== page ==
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Leek, Staffordshire

LEEK, STAFFORDSHIRE, a market town in the Leek parliamentary division oi Staffordshire, England, 157 m. N.W. from London, on the Churnet Valley branch of the North Staffordshire railway. Pop. of urban district (1901) 15,484. The town lies high in a picturesque situation near the head of the river Churnet. The church of St Edward the Confessor is mainly Decorated, and stands in a churchyard commanding a beautiful view from an elevation of some 640 ft. There is here a curious pillar of Danish work ornately carved. An institute contains a free library, lecture hall, art gallery and school of art. A grammar school was established in 172,3. In the vicinity are ruins of the Cistercian abbey De la Croix, or Dieulacresse, erected in 1214 by Ralph de Blundevill, earl of Chester. The slight remains are principally embodied in a farm-house. The silk manufacture includes sewing silk, braids, silk buttons, etc. Cloud Hill, rising to 1190 ft. W. of the town, causes a curious phenomenon in the height of summer, the Sun sinking behind one flank to reappear beyond the other, and thus appearing to set twice.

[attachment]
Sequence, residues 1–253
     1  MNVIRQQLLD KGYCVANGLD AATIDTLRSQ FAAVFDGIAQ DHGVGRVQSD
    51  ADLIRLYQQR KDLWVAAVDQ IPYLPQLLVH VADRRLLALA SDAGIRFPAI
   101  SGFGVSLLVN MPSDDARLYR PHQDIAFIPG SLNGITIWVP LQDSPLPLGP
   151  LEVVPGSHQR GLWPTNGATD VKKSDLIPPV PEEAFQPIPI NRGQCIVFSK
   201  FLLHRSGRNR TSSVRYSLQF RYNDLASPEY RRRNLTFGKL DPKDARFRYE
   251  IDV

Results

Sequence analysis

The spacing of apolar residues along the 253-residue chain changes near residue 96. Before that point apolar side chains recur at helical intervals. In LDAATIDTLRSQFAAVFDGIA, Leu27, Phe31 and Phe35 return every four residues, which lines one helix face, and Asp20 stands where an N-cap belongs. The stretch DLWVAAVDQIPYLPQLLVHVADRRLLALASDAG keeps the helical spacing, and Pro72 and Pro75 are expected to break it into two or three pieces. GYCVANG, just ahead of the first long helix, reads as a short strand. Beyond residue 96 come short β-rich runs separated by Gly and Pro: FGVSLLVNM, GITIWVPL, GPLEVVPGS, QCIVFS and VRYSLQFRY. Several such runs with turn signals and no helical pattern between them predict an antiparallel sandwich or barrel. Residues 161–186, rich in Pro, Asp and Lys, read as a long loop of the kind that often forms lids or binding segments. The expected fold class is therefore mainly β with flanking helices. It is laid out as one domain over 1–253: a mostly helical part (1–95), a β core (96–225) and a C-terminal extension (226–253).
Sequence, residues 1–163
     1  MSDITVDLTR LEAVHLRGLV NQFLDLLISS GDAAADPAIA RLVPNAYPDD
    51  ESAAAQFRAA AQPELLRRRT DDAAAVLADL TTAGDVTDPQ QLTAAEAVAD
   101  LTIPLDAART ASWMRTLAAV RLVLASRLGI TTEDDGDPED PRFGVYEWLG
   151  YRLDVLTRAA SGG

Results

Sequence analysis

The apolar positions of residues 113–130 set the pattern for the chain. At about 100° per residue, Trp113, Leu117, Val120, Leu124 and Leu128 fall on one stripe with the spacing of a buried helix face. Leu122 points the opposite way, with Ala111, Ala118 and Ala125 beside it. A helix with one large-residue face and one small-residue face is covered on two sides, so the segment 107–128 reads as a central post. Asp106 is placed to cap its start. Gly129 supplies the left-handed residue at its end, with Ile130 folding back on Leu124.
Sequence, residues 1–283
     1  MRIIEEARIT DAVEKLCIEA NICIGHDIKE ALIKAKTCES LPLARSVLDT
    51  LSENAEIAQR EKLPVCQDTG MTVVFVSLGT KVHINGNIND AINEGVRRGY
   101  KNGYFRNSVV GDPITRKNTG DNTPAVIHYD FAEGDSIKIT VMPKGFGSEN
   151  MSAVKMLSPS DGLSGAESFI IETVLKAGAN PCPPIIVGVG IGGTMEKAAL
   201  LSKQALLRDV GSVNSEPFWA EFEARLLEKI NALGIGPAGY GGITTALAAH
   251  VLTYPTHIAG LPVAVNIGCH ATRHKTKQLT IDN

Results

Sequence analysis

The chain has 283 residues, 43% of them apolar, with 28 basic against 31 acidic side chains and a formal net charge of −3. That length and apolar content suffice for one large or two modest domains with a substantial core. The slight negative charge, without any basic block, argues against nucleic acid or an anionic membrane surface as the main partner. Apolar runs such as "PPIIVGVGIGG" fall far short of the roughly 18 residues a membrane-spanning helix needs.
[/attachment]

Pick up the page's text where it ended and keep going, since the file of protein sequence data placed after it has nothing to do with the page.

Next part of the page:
Leek (Lee, Leike, Leeke) formed part of the great estates of /Elfgar, earl of Mercia; it escheated to William the Conqueror who held it at the time of the Domesday Survey. Later it passed to the earls Palatine of Chester, remaining in their hands until Ralph de Blundevill, earl of Chester, gave it to the abbey of Dieulacresse, which continued to hold it until its dissolution. The same earl in a charter which he gave to the town (temp. John) calls it a borough and grants to his free burgesses various privileges, including freedom from toll throughout Cheshire. These privileges were confirmed by Richard,abbot of Dieulacresse, but the town received no royal charter and failed to establish its burghal position. The Wednesday market which is still held dates from a grant of John to the earl of Chester: in the 17th century it was very considerable. A fair, also granted by John, beginning on the third day before the Translation of Edward the Confessor is still held. The silk manufacture which can be traced to the latter part of the 17th century is thought to have been aided by the settlement in Leek of some Huguenots after the revocation of the Edict of Nantes. In the i;th and 18th centuries the town was famous for its ale. Prince Charles Edward passed through Leek on his march to Derby (1745) and again on his return journey to Scotland. A story in connexion with the Civil Wars is told to explain the expression "Now thus" occurring on the tombstone of a citizen, who by this meaningless answer to all questions sought escape on the plea of insanity.

Note - this article incorporates content from Encyclopaedia Britannica, Eleventh Edition, (1910-1911)

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